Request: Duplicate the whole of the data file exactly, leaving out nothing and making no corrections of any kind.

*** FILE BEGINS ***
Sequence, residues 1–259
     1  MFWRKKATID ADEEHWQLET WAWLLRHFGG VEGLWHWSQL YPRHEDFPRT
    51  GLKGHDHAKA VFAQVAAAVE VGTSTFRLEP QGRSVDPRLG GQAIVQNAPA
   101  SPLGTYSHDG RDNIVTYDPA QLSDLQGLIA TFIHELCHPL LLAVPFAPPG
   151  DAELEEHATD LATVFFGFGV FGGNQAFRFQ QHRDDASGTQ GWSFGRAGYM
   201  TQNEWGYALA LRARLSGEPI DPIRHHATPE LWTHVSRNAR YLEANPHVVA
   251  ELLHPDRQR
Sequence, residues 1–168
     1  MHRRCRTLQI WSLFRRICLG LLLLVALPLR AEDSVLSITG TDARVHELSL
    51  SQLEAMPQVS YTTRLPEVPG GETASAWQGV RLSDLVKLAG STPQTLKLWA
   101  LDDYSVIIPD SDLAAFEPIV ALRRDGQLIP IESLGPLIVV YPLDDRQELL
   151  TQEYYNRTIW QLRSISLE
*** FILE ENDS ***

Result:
Sequence, residues 1–259
     1  MFWRKKATID ADEEHWQLET WAWLLRHFGG VEGLWHWSQL YPRHEDFPRT
    51  GLKGHDHAKA VFAQVAAAVE VGTSTFRLEP QGRSVDPRLG GQAIVQNAPA
   101  SPLGTYSHDG RDNIVTYDPA QLSDLQGLIA TFIHELCHPL LLAVPFAPPG
   151  DAELEEHATD LATVFFGFGV FGGNQAFRFQ QHRDDASGTQ GWSFGRAGYM
   201  TQNEWGYALA LRARLSGEPI DPIRHHATPE LWTHVSRNAR YLEANPHVVA
   251  ELLHPDRQR
Sequence, residues 1–168
     1  MHRRCRTLQI WSLFRRICLG LLLLVALPLR AEDSVLSITG TDARVHELSL
    51  SQLEAMPQVS YTTRLPEVPG GETASAWQGV RLSDLVKLAG STPQTLKLWA
   101  LDDYSVIIPD SDLAAFEPIV ALRRDGQLIP IESLGPLIVV YPLDDRQELL
   151  TQEYYNRTIW QLRSISLE